Reflecting on Zoomcoming

Shortcomings and successes from this year’s Homecoming

Reflecting+on+Zoomcoming

Amber Milesi, Staff Writer

Unlike the usual week-long Homecoming experience that culminates in a Friday rally, football game and Saturday dance, this year’s Zoomcoming went remote and included various social media challenges, online performances and competitions like a Class Kahoot game and Staff Laughing Competition. In addition, ASB utilized Zoom to show off dance, chorus and band performances during Advisory on Wednesday, March 24 at 9 a.m. 

For senior and ASB President Nick Hsieh, the event proved to be a challenge to organize online due to barriers like communication and synchronization of the larger performances. He relied on social media platforms like YouTube and Instagram to execute and promote the weekly activities which he believes helped lead to a successful event.

“After the actual event, I can say that it wasn’t on par with what a typical Homecoming,” Hsieh said. “I would say the difference is the much larger engagement that comes with in-person school when we’re now virtual. It’s much more interesting seeing someone performing a skit rather than dances online while you’re sitting at home. And then when you’re in school you see all these decorations you see people dressed up for Homecoming. But because this was the first time we worked over Zoom in such a big way, I can’t deny the results because we had fun with this and we received so much support to make this Zoomcoming possible.”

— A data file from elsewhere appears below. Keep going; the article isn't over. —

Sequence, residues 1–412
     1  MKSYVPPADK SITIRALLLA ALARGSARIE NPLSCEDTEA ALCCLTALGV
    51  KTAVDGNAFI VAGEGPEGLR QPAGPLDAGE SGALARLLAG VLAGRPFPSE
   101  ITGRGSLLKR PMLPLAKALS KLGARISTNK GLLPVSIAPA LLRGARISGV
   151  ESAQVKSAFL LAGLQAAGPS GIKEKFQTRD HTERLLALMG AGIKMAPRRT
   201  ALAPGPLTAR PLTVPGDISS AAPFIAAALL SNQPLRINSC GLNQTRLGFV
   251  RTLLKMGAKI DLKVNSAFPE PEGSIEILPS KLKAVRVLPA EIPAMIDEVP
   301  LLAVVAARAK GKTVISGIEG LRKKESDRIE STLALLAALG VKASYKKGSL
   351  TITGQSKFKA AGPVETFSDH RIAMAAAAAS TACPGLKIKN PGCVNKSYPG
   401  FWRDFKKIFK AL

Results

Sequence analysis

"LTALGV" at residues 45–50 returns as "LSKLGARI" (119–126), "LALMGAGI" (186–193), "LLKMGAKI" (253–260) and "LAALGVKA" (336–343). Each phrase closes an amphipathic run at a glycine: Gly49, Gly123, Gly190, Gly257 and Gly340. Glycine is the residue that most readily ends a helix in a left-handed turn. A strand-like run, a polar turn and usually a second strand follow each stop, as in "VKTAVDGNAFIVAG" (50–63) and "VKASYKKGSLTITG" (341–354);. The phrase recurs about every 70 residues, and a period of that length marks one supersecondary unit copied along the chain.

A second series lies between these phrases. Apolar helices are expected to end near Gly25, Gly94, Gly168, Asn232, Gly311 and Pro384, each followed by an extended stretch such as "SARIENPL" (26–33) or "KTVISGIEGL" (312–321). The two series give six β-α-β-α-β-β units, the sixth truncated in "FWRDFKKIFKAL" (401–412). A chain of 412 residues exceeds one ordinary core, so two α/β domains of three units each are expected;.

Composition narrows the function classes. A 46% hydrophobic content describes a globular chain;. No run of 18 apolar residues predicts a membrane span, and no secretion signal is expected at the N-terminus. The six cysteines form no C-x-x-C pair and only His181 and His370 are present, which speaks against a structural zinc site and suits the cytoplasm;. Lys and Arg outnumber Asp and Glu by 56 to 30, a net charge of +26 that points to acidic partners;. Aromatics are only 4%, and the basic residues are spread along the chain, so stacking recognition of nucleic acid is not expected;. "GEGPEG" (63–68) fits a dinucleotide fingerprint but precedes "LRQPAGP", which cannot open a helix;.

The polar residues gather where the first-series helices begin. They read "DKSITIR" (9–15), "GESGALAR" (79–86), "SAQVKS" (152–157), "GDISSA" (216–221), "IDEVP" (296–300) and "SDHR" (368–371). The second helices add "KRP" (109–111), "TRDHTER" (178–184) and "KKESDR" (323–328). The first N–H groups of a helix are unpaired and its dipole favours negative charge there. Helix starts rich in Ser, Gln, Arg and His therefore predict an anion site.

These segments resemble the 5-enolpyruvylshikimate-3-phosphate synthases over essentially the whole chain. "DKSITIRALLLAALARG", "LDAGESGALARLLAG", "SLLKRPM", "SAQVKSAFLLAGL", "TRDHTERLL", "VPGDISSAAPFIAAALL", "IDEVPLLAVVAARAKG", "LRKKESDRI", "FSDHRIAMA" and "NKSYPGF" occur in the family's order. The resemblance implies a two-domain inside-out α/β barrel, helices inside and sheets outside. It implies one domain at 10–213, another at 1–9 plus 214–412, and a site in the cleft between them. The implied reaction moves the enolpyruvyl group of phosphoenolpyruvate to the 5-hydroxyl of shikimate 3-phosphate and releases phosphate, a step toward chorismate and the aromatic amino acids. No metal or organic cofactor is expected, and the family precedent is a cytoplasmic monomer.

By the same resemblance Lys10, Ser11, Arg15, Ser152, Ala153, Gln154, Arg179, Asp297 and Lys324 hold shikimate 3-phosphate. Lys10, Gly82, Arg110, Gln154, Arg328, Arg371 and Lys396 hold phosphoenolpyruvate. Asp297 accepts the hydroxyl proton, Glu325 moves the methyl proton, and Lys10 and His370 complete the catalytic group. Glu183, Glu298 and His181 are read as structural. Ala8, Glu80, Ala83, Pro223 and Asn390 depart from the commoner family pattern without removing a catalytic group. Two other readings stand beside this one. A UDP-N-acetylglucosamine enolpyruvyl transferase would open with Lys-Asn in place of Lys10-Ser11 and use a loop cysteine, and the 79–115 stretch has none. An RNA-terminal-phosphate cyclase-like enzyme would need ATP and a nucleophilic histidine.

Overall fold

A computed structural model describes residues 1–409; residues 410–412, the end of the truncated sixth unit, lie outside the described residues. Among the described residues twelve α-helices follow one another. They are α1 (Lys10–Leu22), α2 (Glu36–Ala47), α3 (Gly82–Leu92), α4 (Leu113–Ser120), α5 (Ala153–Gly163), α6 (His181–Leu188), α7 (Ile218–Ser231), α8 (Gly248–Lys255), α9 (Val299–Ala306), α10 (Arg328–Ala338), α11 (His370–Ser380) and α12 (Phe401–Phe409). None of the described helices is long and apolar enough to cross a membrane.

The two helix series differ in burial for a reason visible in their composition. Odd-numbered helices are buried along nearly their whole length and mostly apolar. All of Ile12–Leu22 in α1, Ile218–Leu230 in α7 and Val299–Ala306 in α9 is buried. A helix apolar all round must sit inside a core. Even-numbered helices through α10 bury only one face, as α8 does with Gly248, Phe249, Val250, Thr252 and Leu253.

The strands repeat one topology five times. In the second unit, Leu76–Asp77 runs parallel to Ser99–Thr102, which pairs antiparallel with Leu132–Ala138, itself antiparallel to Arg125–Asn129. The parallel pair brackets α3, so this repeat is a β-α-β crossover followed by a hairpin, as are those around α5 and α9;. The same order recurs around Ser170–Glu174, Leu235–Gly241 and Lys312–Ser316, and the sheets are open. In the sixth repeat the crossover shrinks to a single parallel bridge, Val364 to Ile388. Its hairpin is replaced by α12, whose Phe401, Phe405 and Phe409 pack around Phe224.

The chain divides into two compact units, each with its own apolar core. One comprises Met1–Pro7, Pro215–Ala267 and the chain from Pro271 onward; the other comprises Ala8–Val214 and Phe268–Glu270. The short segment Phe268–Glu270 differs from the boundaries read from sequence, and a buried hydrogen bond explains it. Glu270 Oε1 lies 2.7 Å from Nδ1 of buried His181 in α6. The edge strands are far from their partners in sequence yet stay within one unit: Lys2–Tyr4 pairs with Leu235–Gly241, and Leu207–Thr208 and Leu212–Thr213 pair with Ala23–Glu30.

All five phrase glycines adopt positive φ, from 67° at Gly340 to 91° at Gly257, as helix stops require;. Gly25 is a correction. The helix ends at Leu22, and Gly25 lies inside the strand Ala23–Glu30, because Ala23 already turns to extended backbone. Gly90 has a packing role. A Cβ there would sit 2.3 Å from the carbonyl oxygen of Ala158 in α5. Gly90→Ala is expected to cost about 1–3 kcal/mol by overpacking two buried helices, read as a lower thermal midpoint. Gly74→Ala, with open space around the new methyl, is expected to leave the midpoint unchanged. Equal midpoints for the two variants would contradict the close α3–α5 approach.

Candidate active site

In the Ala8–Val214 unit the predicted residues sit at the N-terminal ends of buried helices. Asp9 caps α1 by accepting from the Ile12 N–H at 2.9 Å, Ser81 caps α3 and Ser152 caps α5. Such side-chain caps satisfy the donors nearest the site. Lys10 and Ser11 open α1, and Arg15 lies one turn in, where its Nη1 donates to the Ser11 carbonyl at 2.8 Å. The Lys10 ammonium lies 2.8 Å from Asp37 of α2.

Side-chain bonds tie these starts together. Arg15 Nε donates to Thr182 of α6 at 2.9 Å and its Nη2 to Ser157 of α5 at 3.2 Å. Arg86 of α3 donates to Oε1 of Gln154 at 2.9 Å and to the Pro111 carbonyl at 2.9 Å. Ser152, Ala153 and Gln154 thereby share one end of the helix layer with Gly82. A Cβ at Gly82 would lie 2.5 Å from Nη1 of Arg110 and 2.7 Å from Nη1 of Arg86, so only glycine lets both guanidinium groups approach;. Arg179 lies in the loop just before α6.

Though the virtual performances lacked the physical, stimulating feel from a live performance, Hseih  considered the event a  success because of the positive feedback from students.

“Our Zoomcoming [video] became a lot harder to promo without that in-person hyping up,” Hseih said. “But it surprised me to see how many people in my Advisory period were actually enjoying the event which made me realize that this was still a good reprieve for MVHS because my teacher and classmates [were laughing] and enjoying the activities like my personal favorite, the Staff Laughing Competition, because it got staff and students together in a hilarious performance.”

The Staff Laughing Competition, which pitted staff against each other in a humorous competition of jokes, did more than just give students a laugh according to senior and ASB secretary Kelli Kosakura. She worked with the Executive Council behind the scenes for the Zoomcoming production.

“I would say the Staff Laughing Competition [was different] in a positive way from what we’ve done in the past for Homecomings,” Kosakura said. “We don’t always get staff involved with all the games just because they’re busy and stressed, but I think with all the teachers that came out to help, it gave students a chance to see their [teachers] in a different light. Normally, students can connect in person, but with that barrier of learning remotely, this helped teachers reach out to students in a more personal and honestly fun way.”

Like Hsieh, Kosakura also reflects on Leadership’s execution of a virtual Homecoming and how there is little room for comparison because of how singular the event was overall. 

“I can’t judge this Zoomcoming harshly, which is why I think it [went well],” Kosakura said. “If we do later events online, I see room for improvement on how we reach out to students. A lot of students could be feeling shy or uncomfortable about reaching out and it’s our job as Leadership to make participating fun and enjoyable instead. I honestly hope that for future big events, we’ll be in-person where the work [like] communicating and organizing becomes much easier.”